Collecting data with Trackers and Webhooks

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  6. Adding extra data: The Subject class

Adding extra data: The Subject class

You may have additional information about the user (i.e. subject) performing the action or the environment in which the user has performed the action, some of that additional data can be sent into Snowplow with each event as part of the subject class.

Create a subject like this:

from snowplow_tracker import Subject s = Subject()

The Subject class has a set of set...() methods to attach extra data relating to the user to all tracked events:

If you initialize a Tracker instance without a subject, a default Subject instance will be attached to the tracker. You can access that subject like this:

t = Tracker(my_emitter) t.subject.set_platform("mob").set_user_id("user-12345").set_lang("en")

We will discuss each of these in turn below:

Change the tracker’s platform with set_platform

The default platform is “pc”. You can change the platform the subject is using by calling:

s.set_platform( {{PLATFORM}} )

For example:

s.set_platform("tv") # Running on a Connected TV

For a full list of supported platforms, please see the Snowplow Tracker Protocol.

Set user ID with set_user_id

You can set the user ID to any string:

s.set_user_id( "{{USER ID}}" )

Example:

s.set_user_id("alexd")

Set screen resolution with set_screen_resolution

If your Python code has access to the device’s screen resolution, then you can pass this in to Snowplow too:

s.set_screen_resolution( {{WIDTH}}, {{HEIGHT}} )

Both numbers should be positive integers; note the order is width followed by height. Example:

s.set_screen_resolution(1366, 768)

Set viewport dimensions with set_viewport

If your Python code has access to the viewport dimensions, then you can pass this in to Snowplow too:

s.set_viewport( {{WIDTH}}, {{HEIGHT}} )

Both numbers should be positive integers; note the order is width followed by height. Example:

s.set_viewport(300, 200)

Set color depth with set_color_depth

If your Python code has access to the bit depth of the device’s color palette for displaying images, then you can pass this in to Snowplow too:

s.set_color_depth( {{BITS PER PIXEL}} )

The number should be a positive integer, in bits per pixel. Example:

s.set_color_depth(32)

Set timezone with set_timezone

This method lets you pass a user’s timezone into Snowplow:

s.set_timezone( {{TIMEZONE}} )

The timezone should be a string:

s.set_timezone("Europe/London")

Set the language with set_lang

This method lets you pass a user’s language into Snowplow:

s.set_lang( {{LANGUAGE}} )

The language should be a string:

s.set_lang('en')

Setting the IP address with set_ip_address

If you have access to the user’s IP address, you can set it like this:

s.set_ip_address('34.633.11.139')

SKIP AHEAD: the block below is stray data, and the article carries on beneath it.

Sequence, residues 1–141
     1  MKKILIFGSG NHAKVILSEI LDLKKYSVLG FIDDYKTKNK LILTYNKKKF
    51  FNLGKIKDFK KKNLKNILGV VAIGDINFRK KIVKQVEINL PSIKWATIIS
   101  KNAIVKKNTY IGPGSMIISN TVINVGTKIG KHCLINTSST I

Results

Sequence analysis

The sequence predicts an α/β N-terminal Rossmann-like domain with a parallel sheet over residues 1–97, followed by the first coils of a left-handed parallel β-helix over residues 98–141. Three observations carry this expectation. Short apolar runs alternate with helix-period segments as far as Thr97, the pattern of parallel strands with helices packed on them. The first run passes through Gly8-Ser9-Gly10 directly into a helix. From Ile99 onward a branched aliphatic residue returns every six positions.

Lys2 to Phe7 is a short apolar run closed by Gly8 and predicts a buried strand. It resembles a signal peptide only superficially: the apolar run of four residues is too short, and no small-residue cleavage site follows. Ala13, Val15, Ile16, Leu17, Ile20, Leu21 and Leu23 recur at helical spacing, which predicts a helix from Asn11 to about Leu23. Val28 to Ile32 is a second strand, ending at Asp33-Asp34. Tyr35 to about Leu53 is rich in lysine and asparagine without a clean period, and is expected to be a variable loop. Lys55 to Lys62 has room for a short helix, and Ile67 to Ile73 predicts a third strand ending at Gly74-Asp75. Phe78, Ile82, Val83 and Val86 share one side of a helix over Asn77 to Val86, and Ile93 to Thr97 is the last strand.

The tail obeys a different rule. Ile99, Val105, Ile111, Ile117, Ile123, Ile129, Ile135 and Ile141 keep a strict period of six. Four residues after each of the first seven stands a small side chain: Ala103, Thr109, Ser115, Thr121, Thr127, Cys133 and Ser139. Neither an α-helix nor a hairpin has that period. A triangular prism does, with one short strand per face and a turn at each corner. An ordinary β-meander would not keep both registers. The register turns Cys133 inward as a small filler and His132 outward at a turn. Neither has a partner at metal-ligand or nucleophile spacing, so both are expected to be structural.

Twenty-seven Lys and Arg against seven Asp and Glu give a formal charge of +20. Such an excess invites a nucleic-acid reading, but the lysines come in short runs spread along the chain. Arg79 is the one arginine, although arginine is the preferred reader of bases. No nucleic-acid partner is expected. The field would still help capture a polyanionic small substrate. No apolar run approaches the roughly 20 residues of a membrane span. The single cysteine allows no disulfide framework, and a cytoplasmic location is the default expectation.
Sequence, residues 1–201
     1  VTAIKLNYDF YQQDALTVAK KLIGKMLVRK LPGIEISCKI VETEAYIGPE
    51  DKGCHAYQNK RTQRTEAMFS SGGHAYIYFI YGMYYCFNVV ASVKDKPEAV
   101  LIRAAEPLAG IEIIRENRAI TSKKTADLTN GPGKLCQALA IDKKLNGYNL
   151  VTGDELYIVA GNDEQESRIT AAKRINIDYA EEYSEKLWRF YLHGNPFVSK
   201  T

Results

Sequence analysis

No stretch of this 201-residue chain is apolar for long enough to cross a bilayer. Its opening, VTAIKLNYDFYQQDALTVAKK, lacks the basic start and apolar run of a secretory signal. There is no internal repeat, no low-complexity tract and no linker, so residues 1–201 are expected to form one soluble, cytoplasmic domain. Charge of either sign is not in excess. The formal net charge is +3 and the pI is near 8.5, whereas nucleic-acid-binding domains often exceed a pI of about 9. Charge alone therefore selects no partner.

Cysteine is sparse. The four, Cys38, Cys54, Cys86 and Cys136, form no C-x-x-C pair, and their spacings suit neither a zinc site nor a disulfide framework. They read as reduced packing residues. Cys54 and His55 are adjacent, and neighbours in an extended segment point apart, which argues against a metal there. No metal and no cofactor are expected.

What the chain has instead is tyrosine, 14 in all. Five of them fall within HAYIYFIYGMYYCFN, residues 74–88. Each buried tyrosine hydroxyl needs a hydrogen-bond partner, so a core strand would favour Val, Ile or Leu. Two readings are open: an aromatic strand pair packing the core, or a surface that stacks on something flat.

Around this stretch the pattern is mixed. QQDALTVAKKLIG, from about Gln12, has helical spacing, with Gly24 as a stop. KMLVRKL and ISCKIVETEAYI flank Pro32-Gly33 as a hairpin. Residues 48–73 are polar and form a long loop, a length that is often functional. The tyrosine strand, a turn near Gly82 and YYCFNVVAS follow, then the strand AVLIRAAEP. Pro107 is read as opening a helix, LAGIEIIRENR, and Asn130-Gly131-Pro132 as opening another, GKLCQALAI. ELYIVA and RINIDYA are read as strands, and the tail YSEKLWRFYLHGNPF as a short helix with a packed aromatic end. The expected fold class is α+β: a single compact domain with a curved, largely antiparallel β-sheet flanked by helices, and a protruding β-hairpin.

Setting the useragent with set_useragent

If you have access to the user’s useragent (sometimes called “browser string”), you can set it like this:

s.set_useragent('Mozilla/5.0 (Windows NT 5.1; rv:23.0) Gecko/20100101 Firefox/23.0')

Setting the domain user ID with set_domain_user_id

The domain_userid field of the Snowplow event model corresponds to the ID stored in the first party cookie set by the Snowplow JavaScript Tracker. If you want to match up server-side events with client-side events, you can set the domain user ID for server-side events like this:

s.set_domain_user_id('c7aadf5c60a5dff9')

You can extract the domain user ID from the cookies of a request using the get_domain_user_id function below. The request argument is the Django request object.

Note that this function has not been tested.

import re def snowplow_cookie(request): for name in request.COOKIES: if re.match(r"_sp_id", name) != None: return request.COOKIES[name] return None def get_domain_user_id(request): cookie = snowplow_cookie(request) if cookie != None: return cookie.split(".")[0]

If you used the “cookieName” configuration option of the Snowplow JavaScript Tracker, replace “sp” with the same string you passed as the cookieName.

Setting the network user ID with set_network_user_id

The network_user_id field of the Snowplow event model corresponds to the ID stored in the third party cookie set by the Snowplow Clojure Collector. You can set the network user ID for server-side events like this:

s.set_network_user_id('ecdff4d0-9175-40ac-a8bb-325c49733607')

Tracking multiple subjects

You may want to track more than one subject concurrently. To avoid data about one subject being added to events pertaining to another subject, create two subject instances and switch between them using Tracker.set_subject:

from snowplow_tracker import Subject, Emitter, Tracker # Create a simple Emitter which will log events to http://d3rkrsqld9gmqf.cloudfront.net/i e = Emitter("d3rkrsqld9gmqf.cloudfront.net") # Create a Tracker instance t = Tracker(emitters=e, namespace="cf", app_id="CF63A") # Create a Subject corresponding to a pc user s1 = Subject() # Set some data for that user s1.set_platform("pc") s1.set_user_id("0a78f2867de") # Set s1 as the tracker subject # All events fired will have the information we set about s1 attached t.set_subject(s1) # Track user s1 viewing a page t.track_page_view("http://www.example.com") # Create another Subject instance corresponding to a mobile user s2 = Subject() # All methods of the Subject class return the Subject instance so methods can be chained: s2.set_platform("mob").set_user_id("0b08f8be3f1") # Change the tracker subject from s1 to s2 # All events fired will have instead have information we set about s2 attached t.set_subject(s2) # Track user s2 viewing a page t.track_page_view("http://www.example.com") # Switch back to s1 and track a structured event, this time using method chaining: t.set_subject(s1).track_struct_event("Ecomm", "add-to-basket", "dog-skateboarding-video", "hd", 13.99)